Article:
On September 29, Marcell Shehwaro, Thomas Pierret and Bjørn Olav Utvik will speak on a panel titled “Misreading Syria: Sectarian Secularism”. We have collected a few articles which are relevant to the topic of this panel. We do recommend these articles to better understand the nature of the Assad state and the Syrian conflict today.
The manipulation of sectarianism was one of the methods used by the Syrian regime to preserve its control over the decades. The interdiction against sectarian discourses, under the guise of nationalism and secularism, was but a cover for the authoritarian and sectarian practices of its security establishment.
Looking at the turmoil in Syria today it is easy to conclude that one of the few virtues of the Baathist dictatorship was its opposition to sectarianism. Since the Syrian conflict began, President Bashar al-Assad has sought to portray his struggle for survival as an heroic effort to quell religious strife, but this strife is also partly a result of the regime’s own religious policies.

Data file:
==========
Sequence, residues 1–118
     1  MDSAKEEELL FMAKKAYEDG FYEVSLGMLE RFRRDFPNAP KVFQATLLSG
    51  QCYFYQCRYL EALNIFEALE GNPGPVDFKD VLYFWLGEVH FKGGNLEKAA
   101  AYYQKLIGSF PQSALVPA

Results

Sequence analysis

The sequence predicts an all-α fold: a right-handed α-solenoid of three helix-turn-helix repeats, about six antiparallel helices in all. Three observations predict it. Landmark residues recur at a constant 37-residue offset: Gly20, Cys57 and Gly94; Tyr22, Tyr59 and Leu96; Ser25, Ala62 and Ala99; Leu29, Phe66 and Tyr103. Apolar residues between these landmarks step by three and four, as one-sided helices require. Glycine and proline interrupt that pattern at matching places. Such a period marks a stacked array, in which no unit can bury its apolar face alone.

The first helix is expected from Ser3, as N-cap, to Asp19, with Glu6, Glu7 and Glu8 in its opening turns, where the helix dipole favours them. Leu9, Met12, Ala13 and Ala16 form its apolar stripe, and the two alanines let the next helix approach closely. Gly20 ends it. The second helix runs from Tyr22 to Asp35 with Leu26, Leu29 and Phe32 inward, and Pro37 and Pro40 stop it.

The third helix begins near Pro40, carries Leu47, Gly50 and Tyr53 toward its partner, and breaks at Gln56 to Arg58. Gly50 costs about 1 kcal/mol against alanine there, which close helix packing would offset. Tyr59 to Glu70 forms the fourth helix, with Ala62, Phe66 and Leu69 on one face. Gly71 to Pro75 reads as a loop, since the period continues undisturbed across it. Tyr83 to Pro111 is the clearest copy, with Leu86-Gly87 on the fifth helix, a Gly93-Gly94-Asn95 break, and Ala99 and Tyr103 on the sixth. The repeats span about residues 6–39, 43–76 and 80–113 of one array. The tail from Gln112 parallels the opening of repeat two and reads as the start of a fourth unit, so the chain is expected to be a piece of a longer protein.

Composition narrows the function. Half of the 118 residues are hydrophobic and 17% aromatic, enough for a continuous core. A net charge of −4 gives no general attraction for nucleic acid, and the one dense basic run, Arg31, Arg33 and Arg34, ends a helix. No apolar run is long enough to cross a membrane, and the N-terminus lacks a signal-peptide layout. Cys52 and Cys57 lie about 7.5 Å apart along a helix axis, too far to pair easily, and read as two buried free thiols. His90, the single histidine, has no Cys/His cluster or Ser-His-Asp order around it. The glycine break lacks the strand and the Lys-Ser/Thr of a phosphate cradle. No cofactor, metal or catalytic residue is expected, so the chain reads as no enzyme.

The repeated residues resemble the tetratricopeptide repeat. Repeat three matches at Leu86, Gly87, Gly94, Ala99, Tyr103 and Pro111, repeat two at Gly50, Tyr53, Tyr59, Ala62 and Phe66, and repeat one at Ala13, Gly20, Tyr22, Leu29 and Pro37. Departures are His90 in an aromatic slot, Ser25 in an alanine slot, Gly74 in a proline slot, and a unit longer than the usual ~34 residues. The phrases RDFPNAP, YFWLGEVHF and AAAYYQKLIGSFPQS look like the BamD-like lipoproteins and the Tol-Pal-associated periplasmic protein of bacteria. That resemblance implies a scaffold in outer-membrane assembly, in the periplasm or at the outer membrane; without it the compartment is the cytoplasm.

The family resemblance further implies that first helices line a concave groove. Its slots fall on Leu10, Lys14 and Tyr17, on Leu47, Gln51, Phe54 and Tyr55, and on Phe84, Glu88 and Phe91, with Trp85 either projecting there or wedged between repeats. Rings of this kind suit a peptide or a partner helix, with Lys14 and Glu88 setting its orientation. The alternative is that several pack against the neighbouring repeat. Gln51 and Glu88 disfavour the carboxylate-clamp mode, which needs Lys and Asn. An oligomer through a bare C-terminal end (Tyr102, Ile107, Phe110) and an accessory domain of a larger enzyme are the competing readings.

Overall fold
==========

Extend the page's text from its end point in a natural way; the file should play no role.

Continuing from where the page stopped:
The dictatorships of the Arab world — whether they claim to be religious or secular — don’t genuinely care about ideology. What they care about is staying in power, and their cack-handed efforts to do so have caused the multi-decade governance catastrophe that has allowed sectarianism to flourish.
War of the Rocks published two revisionist articles by an author writing under a pseudonym that brought back to mind all these conversations and many more since the uprising-cum-civil war engulfed Syria and civil war recurred in Iraq. Here, I respond to the author’s account of Syria. I am not qualified to discuss Iraq, so I will refrain from addressing this angle.
The Syrian regime manipulated sectarian divides from day one. Does Rosen remember the first days of April 2011, when the Minister of Interior was branding the peaceful sit-in in Homs as a “Salafi Emirate”? Wasn’t that a not-so-subtle way to raise sectarian fears among minorities? Or was the Minister speaking so “out of fear of Sunni sectarianism”? Does Rosen remember that a couple of days later, Alawite auxiliaries were sent to kill protesters on Homs’ Clock Square? Did that also happen “out of fear of Sunni sectarianism”?